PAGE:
We look forward to a new year and new opportunities for innovation and growth in the government contracting community. WashingtonExec reached out to those most knowledgeable and experienced in the federal contracting space. We asked executives in and around the Beltway for insight on where they see the government contracting community headed in 2017.
Here, Ingenicomm Inc. President and CEO Amit Puri addresses the impact of the Trump administration’s policies, the reduction of agency budgets and regulation, and the promises of lower corporate tax rates.
It’s impossible to discuss the outlook for business in 2017 without considering the changes that will result from the new administration now in Washington. We’ve all noticed the recent upward trend in the financial markets, and the general feeling seems to be that the administration’s policies will be good for business overall, and that the markets will maintain their bullish posture as a result.
We do, of course, need to be cautious when it comes to federal government contracting, and particularly when it comes to small companies and set-asides for minority-owned and disadvantaged businesses. The proposals to cut funding to the Minority Business Development Agency, the Economic Development Administration, the International Trade Administration and the Manufacturing Extension Partnership, for example, are quite concerning; for a minority-owned business engaged in international trade, like ours, the prospect of losing the support we’ve enjoyed in past years is not a happy one.
Similarly, I am concerned about the recent calls to greatly reduce the size and budget of the Department of Commerce and the Department of Interior, among others; we’ve built our organizational around a core mission of supporting our nation’s civil space agencies, including NOAA and USGS, and will need to closely monitor any proposed cuts within these areas.
At the same time, many of the ideas now being discussed – reduced regulation and taxation, increased Department of Defense and Department of Homeland Security budgets, and reprioritization within the Department of Health and Human Services – are likely to result in new opportunities. As with any period of shifting policies, businesses will need to be alert for these opportunities and respond by organically developing solutions or by pursuing mergers and acquisitions to swiftly acquire new capabilities.
Some specific developments that I believe bear watching:
- The push to reduce government regulation, which has been in the news in recent days, bodes well for small businesses, which have often struggled to implement onerous compliance processes based on regulations written for large conglomerates. At the same time, potential regulatory changes on the financial side – such as relaxation of some of the provisions of the Dodd-Frank Act – may give companies easier access to debt markets and drive down the cost of capital. Of course, any companies which have built a business around providing regulatory compliance services will see this quite differently.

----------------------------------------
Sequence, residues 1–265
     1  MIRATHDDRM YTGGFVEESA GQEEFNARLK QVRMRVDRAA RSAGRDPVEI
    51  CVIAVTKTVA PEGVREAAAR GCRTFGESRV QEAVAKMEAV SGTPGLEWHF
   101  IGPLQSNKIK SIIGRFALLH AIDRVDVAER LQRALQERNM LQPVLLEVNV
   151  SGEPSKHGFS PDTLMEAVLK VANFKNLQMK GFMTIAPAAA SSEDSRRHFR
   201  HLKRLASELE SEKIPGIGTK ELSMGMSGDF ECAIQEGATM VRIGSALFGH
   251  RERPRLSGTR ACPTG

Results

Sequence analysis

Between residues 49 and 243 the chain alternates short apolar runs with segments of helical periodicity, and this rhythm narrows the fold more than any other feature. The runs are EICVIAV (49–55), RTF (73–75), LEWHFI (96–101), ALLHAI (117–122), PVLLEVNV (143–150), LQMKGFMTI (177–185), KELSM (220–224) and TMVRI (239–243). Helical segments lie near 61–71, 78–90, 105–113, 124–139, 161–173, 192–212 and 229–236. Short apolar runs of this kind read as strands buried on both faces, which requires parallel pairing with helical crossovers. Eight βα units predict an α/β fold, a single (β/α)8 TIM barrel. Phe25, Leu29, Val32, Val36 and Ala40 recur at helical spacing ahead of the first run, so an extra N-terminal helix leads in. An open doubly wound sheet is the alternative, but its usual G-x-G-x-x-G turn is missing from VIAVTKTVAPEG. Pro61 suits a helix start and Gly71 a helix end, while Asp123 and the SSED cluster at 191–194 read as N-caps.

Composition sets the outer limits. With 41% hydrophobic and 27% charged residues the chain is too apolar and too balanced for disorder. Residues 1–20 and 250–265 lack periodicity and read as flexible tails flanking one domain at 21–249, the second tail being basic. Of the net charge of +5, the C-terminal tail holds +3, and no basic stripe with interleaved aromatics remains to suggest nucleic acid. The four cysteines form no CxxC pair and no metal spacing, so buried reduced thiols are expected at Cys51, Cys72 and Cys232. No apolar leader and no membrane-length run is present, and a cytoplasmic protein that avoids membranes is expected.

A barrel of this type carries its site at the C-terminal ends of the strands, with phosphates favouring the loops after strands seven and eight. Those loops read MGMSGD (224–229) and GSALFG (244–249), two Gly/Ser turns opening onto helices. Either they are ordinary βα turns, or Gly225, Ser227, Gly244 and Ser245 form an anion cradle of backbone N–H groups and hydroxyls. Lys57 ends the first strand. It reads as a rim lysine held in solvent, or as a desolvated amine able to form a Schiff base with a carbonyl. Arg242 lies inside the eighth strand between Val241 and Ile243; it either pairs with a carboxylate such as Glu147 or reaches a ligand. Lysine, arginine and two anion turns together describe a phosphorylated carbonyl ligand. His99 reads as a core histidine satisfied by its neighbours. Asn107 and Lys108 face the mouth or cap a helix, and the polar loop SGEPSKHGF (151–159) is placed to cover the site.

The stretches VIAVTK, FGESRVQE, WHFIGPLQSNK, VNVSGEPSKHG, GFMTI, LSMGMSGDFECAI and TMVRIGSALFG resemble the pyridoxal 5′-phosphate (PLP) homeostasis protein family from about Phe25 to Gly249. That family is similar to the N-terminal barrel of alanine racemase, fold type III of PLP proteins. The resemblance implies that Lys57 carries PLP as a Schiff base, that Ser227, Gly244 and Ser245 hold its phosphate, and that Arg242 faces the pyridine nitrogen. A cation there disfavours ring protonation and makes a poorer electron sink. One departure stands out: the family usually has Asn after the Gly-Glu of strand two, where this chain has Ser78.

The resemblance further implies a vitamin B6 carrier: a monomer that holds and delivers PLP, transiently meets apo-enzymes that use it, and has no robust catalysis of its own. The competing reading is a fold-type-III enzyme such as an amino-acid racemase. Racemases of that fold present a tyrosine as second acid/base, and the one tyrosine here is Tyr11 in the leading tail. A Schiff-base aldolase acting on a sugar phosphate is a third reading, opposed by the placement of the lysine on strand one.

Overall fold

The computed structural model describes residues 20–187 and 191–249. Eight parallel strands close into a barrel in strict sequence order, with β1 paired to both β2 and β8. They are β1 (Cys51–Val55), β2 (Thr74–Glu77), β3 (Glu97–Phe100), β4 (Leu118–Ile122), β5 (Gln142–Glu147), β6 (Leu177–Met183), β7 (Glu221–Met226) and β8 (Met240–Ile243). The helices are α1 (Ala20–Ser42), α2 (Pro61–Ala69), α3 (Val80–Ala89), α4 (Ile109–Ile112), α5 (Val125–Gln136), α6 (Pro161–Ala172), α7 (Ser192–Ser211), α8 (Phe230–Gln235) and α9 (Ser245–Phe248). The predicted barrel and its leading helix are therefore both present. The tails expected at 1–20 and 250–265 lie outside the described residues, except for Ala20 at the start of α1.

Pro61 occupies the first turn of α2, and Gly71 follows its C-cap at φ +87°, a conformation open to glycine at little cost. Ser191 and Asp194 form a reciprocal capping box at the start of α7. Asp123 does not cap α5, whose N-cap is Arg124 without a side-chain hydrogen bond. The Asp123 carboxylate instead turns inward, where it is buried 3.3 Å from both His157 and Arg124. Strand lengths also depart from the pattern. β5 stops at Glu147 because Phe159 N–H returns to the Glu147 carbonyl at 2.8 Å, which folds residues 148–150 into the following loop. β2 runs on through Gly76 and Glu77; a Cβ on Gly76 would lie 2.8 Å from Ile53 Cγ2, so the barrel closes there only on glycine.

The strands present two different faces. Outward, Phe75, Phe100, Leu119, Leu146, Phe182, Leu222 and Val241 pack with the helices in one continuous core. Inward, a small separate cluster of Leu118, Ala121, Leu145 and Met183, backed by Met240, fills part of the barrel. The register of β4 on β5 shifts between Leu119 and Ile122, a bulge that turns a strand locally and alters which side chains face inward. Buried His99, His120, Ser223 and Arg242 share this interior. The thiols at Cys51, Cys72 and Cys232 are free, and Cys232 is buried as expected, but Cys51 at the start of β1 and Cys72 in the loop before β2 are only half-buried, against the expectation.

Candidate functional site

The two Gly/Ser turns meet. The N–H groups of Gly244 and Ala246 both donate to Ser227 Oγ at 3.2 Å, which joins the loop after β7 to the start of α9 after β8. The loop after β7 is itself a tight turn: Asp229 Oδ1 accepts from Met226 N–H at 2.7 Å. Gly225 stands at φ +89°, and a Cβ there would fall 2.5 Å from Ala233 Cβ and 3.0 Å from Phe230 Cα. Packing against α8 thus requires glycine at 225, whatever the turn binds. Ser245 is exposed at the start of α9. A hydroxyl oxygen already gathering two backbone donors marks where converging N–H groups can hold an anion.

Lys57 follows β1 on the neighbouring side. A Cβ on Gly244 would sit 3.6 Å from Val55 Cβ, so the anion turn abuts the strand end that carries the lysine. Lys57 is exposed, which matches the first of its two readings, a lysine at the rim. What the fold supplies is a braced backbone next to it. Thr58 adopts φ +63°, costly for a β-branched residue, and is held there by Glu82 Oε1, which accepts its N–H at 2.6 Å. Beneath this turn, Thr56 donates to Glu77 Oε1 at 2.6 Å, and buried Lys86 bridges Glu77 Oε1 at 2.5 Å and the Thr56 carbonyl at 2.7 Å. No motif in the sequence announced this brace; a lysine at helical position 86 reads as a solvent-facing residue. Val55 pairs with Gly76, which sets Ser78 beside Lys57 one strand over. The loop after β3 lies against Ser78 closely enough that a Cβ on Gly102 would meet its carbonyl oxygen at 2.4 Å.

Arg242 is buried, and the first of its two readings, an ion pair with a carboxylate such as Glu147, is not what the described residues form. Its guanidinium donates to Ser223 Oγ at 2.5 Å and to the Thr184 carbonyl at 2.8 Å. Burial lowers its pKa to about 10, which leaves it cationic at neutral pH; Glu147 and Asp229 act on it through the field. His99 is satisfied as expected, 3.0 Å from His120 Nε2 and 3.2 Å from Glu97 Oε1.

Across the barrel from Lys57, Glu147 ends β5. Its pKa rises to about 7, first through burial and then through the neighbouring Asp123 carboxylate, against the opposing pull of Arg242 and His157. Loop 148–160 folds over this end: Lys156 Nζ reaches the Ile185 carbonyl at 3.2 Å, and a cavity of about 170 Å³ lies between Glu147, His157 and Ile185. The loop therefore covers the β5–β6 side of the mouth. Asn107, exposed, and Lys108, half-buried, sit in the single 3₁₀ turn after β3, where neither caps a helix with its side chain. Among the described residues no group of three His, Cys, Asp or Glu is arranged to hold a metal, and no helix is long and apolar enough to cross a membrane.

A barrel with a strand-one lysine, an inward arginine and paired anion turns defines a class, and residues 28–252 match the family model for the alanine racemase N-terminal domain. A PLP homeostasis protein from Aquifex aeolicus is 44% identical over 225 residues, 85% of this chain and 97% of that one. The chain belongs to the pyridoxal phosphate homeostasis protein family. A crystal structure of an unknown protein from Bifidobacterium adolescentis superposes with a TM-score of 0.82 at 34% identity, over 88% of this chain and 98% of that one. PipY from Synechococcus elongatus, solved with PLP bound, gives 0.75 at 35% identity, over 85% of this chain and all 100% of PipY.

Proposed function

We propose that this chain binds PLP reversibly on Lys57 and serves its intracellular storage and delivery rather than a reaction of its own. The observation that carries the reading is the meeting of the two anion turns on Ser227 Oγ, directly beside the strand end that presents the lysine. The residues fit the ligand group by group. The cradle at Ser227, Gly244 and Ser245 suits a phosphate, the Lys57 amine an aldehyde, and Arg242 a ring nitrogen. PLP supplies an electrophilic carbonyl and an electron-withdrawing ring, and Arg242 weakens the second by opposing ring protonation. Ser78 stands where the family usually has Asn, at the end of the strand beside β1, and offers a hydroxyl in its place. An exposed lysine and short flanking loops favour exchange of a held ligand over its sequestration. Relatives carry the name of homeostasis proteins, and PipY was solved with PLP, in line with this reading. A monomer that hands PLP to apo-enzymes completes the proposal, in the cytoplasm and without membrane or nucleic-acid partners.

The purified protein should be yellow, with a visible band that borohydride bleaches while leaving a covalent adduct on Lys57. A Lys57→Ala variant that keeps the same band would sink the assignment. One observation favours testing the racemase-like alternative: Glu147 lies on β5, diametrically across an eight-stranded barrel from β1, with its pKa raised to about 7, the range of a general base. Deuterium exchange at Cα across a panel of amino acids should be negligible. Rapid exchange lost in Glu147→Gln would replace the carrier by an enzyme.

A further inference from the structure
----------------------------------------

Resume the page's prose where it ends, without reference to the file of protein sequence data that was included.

- The promise of lowered corporate tax rates is always welcome, and changes in this area could easily increase cash flow for small businesses, fueling future growth and investment. However, more than 80 percent of small business owners account for business income through personal taxes rather than corporate taxes, so corresponding changes would need to be made there as well.
- The recent move away from the Trans-Pacific Partnership, coupled with talk of increased tariffs or other restrictions on goods produced outside the U.S., may signal a more protectionist approach to international trade that could level the playing field for small U.S. manufacturers competing against larger European and Asian companies. Faced with stringent export control regulations, smaller American companies catering to the aerospace sector have traditionally lagged in the international marketplace, while foreign companies have had no such challenge selling to U.S. aerospace programs; the new policies being discussed could reverse this situation by imposing a cost premium on foreign-built items.
- An effective replacement for the Affordable Care Act would, if implemented correctly, allow companies to obtain reasonable medical insurance benefits for their employees at more competitive rates, bringing overall fringe costs down to the levels seen prior to the ACA’s introduction while reducing the compliance costs of the current ACA model.
- The moves toward shrinking the overall size of the federal government, such as some of the recently imposed hiring freezes, will no doubt provide greater opportunities for federal government contractors to increase their staffing footprint in order to clear the backlog of work that will be left behind as civil servants retire and are not replaced.
At the end of the day, if your small business is a performance-driven solutions provider, you will have a bright future ahead of you as the federal government continues to push for commercialized solutions that offer superior value at a lower cost than having the government reinvent the wheel. At the same time, businesses need to keep an eye on specific programs and agencies and understand program cuts and where funds are being redirected, rather than looking at things purely at an overall policy level.